How I Met Your Father by @notalogin

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How did your father and I meet? It’s an interesting story. When I was

15, all four of my brothers and my parents, whom you never met, moved

to Southern New Mexico. It was a different time back then, more

innocent.

One day, we were all eating dinner, when what happens but an armed

gang called the Jackalopes busts in our front door. My father, bless

his soul, went for his shotgun, and they killed him right there.

So they point their guns at my mother – and she’s hysterical at this

point, a real basket case – but then she was always a bit cuckoo,

overreacting to everything – and they say, hand over the girl – that

was me, I was the baby – or we kill the others.

This is where I realized I shouldn’t have been such a bitch to my

brothers my whole life, because all of them were like, Mom, listen to

them, they’re gonna kill us, you gotta give her up.

Anyway, long story short the Jackalopes put me in their truck and

drive me to a ranch. There were seven of them, at that point I

couldn’t really tell any of ’em apart. They toss me into a room, and

the less said about what happened at the ranch, the better – I mean,

the food was just horrendous. You’d think with seven guys at least one

would know how to make an omelet, but no – they only had one guy, Rob,

who knew how to boil pasta. It was no way to live.

A few days later, I hear shouting, and I see that there’s a posse of

about a dozen guys at the gate, armed and arguing. I was peeking out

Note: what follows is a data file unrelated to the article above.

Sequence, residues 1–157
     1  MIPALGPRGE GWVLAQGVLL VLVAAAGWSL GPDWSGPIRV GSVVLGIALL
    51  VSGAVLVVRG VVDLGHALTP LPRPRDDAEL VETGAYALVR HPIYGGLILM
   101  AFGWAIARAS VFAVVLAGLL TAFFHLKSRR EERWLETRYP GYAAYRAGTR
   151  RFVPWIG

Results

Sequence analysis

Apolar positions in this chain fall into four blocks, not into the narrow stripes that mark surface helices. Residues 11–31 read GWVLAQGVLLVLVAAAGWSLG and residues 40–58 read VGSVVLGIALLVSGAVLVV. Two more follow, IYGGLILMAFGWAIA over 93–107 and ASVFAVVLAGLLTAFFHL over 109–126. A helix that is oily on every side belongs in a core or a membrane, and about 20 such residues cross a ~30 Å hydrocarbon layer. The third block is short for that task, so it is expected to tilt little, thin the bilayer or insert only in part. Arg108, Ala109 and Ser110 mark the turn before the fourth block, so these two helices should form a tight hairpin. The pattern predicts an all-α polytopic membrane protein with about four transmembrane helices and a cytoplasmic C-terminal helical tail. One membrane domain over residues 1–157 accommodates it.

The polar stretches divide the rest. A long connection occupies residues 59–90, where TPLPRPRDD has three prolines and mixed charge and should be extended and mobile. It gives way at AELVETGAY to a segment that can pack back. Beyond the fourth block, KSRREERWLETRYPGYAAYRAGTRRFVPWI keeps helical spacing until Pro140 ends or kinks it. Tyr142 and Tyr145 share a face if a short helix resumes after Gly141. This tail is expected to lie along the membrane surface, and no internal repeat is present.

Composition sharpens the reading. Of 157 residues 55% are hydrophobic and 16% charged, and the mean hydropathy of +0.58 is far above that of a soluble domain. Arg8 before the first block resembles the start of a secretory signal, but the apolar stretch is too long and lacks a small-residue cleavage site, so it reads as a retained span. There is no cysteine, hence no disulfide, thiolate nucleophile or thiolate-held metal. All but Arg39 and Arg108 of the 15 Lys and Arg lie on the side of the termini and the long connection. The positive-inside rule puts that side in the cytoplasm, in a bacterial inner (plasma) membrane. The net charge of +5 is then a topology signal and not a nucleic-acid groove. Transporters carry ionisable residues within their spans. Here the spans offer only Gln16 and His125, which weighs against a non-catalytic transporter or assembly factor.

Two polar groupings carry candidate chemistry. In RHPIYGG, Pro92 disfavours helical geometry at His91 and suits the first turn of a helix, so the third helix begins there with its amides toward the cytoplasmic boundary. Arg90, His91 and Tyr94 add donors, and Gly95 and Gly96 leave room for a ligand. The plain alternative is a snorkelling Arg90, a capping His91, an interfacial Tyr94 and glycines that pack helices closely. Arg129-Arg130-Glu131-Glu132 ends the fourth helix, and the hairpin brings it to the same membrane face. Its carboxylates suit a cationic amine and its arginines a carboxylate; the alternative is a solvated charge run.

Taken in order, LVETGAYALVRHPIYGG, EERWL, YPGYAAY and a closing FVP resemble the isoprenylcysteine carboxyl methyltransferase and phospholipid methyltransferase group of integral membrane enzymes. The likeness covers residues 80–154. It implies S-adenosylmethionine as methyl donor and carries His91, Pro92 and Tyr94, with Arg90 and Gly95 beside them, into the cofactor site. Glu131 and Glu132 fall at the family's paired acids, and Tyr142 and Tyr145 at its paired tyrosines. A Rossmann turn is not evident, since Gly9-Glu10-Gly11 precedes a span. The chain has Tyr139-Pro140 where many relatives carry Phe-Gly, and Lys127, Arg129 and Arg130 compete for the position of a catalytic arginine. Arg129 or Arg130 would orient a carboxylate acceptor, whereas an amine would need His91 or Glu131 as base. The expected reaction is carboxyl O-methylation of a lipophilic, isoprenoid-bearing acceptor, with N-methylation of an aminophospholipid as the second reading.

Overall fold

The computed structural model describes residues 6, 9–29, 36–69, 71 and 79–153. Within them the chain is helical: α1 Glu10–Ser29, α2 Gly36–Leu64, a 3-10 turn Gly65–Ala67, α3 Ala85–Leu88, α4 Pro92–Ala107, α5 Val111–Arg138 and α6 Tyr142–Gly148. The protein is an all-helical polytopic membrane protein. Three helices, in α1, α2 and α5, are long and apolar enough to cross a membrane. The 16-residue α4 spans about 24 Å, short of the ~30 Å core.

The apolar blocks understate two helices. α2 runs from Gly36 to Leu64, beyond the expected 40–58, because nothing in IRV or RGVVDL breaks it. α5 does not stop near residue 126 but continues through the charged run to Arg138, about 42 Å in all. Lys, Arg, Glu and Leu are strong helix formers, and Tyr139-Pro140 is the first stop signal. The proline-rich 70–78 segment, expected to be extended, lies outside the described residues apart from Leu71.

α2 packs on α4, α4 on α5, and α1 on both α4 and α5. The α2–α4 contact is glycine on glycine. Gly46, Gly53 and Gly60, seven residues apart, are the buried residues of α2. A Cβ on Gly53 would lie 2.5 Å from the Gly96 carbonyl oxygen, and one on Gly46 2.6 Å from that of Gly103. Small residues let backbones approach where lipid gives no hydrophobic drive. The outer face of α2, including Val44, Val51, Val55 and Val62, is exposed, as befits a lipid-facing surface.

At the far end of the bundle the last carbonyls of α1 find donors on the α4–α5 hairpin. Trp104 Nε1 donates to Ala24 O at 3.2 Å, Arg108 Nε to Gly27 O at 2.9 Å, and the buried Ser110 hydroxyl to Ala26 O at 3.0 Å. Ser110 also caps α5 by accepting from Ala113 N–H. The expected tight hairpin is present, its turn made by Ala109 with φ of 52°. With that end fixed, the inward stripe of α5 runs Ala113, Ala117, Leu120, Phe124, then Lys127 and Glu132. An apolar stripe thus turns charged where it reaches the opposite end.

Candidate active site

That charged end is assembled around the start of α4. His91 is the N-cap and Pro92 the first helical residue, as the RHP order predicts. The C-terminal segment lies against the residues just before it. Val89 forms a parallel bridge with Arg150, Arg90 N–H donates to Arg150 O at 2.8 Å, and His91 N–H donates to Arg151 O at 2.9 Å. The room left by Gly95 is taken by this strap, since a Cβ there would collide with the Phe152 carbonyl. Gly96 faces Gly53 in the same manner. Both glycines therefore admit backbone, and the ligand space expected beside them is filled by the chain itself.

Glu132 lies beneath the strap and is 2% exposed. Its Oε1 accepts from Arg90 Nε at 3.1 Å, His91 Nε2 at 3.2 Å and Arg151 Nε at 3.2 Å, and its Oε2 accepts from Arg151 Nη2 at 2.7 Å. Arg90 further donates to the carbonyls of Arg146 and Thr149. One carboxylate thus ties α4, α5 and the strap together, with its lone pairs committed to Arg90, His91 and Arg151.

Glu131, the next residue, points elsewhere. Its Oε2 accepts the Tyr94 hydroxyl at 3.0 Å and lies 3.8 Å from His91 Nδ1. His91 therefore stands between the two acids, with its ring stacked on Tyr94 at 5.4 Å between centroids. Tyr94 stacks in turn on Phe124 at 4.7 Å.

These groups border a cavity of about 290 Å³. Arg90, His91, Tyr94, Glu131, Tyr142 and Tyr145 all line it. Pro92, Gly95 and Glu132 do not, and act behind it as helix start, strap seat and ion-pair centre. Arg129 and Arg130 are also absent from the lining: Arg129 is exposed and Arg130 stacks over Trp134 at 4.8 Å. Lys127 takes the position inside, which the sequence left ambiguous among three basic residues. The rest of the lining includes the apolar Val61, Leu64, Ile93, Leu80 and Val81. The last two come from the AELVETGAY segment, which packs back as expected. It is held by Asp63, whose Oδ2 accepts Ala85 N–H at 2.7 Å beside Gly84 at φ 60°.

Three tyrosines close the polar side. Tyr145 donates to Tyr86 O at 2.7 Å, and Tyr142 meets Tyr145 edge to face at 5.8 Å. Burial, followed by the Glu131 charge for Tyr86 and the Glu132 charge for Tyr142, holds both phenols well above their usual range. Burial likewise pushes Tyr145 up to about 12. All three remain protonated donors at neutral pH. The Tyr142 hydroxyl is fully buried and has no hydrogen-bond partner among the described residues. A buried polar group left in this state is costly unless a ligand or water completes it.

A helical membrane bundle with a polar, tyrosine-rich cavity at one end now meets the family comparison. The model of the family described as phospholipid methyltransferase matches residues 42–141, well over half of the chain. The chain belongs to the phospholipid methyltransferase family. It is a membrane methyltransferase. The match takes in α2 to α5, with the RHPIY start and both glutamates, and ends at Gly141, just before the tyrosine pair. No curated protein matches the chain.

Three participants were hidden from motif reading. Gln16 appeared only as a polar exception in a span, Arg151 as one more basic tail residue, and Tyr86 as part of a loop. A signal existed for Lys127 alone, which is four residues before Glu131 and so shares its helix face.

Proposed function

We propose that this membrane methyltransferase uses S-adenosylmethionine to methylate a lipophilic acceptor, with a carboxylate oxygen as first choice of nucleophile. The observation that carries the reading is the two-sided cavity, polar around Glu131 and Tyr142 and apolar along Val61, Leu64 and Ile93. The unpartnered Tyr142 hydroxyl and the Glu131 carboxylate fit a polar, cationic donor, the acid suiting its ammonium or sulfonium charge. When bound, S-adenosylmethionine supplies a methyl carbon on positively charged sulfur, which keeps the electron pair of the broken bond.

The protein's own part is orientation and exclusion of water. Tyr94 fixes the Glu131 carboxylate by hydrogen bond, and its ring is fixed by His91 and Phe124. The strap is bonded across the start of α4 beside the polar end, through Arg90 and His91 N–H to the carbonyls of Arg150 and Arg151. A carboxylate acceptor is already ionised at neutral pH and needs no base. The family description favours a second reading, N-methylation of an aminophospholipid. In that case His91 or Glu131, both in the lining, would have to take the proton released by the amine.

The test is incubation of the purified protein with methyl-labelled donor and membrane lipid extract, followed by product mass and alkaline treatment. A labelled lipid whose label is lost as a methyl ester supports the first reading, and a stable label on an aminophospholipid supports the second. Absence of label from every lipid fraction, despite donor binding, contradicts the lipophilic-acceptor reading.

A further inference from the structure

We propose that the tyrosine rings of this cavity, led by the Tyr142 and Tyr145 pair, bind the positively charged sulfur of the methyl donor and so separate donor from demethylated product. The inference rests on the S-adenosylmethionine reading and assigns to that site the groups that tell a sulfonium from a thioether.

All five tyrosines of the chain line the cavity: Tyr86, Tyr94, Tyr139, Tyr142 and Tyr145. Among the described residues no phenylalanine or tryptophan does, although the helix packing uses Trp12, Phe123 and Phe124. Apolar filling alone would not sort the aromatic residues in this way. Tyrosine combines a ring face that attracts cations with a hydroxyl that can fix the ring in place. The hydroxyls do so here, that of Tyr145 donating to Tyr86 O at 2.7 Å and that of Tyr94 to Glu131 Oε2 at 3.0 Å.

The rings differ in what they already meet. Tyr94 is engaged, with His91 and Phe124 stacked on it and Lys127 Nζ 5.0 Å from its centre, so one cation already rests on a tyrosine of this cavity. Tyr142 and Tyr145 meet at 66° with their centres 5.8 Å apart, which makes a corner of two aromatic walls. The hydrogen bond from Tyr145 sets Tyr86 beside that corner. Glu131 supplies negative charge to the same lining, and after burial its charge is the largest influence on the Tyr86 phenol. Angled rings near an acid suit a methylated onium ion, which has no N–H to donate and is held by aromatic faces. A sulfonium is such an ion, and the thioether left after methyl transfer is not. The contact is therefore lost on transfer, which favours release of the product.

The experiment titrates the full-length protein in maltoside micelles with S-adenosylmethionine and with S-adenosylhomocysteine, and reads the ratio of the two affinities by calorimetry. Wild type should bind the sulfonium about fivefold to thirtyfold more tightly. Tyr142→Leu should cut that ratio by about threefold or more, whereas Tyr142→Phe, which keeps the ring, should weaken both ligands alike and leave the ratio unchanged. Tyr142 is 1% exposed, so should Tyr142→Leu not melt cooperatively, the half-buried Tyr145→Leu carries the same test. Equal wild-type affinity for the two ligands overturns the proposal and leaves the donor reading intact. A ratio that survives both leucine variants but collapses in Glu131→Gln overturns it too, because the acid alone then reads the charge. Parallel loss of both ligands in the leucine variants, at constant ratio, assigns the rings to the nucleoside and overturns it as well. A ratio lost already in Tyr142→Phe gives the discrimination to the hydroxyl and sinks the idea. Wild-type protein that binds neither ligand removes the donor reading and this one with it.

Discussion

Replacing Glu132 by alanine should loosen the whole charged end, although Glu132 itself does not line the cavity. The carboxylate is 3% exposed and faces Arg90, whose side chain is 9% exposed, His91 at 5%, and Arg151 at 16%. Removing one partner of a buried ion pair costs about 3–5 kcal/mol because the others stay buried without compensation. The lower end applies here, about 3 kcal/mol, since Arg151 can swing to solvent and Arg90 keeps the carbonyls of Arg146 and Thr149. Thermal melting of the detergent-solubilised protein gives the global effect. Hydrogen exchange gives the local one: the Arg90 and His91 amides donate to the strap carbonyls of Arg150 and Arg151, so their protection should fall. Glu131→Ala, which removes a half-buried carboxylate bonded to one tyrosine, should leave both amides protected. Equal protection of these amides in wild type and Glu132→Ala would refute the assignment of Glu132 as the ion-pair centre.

my window, and I could see their leader was the most handsome man I’d

ever seen – tall, blonde, with these green eyes that looked like tea

saucers.

They’re shouting, they’re arguing, finally I get dragged out. Tea

Saucers – that’s how I called him at that point – pulls out a

briefcase full of cash. They hand me over and I’m sort of looking

forward to this, because at least the new guys seem a bit more

clean-cut, and I was hoping maybe one of them could make a salad or

something.

So we’re walking, and I see out the corner of my eye that Tea Saucers

has his hand on his pistol, and I’m hoping against hope that he’s

gonna shoot up the Jackalopes. And that’s what happens! All of a

sudden he turns around and the rest of ’em turn around. I duck down,

and there’s bullets flying and bodies everywhere. I’m a little

flattered – like, hey, all these guys think I’m worth getting into a

gunbattle over, maybe I’m not as fat as I thought.

It only took a few seconds. I could see the chief of the Jackalopes –

his name was Dennis, but all the guys called him Denis – he was the

first to fall, and then I see Tea Saucers fall into my arms. First I

was like, “Men, always after the same thing” but then I saw he had a

bullet through his neck.

But he saved my life, because after he fell on me, there were another

five or six shots that hit him instead of me. Finally, it quiets down,

and all that’s left is three or four guys moaning in pain, bleeding.

And then what do I see but Rob – that’s your father, of course, he

didn’t start going by Mr. Flay until later – drive up from the store

with a trunk full of rigatoni? When I saw that, I realized it was

fate. I was quick on my feet, too, I said, let’s finish off the

others, grab the money, and get away. We took turns killing the guys

who were still moaning – the last one, we held the gun together, which

was romantic as hell. As he was digging a grave to put the bodies

into, I finally got a good look at him and saw that he wasn’t that

bad-looking, especially in the right light. And shirtless. With his

back to me.

That briefcase of cash – turns out I would’ve been worth a hundred

grand to some Mexican druglord – was my dowry, and it paid for Dad’s

cooking school, too. Although if you know what’s good for you, I

wouldn’t go around repeating what I just told you.

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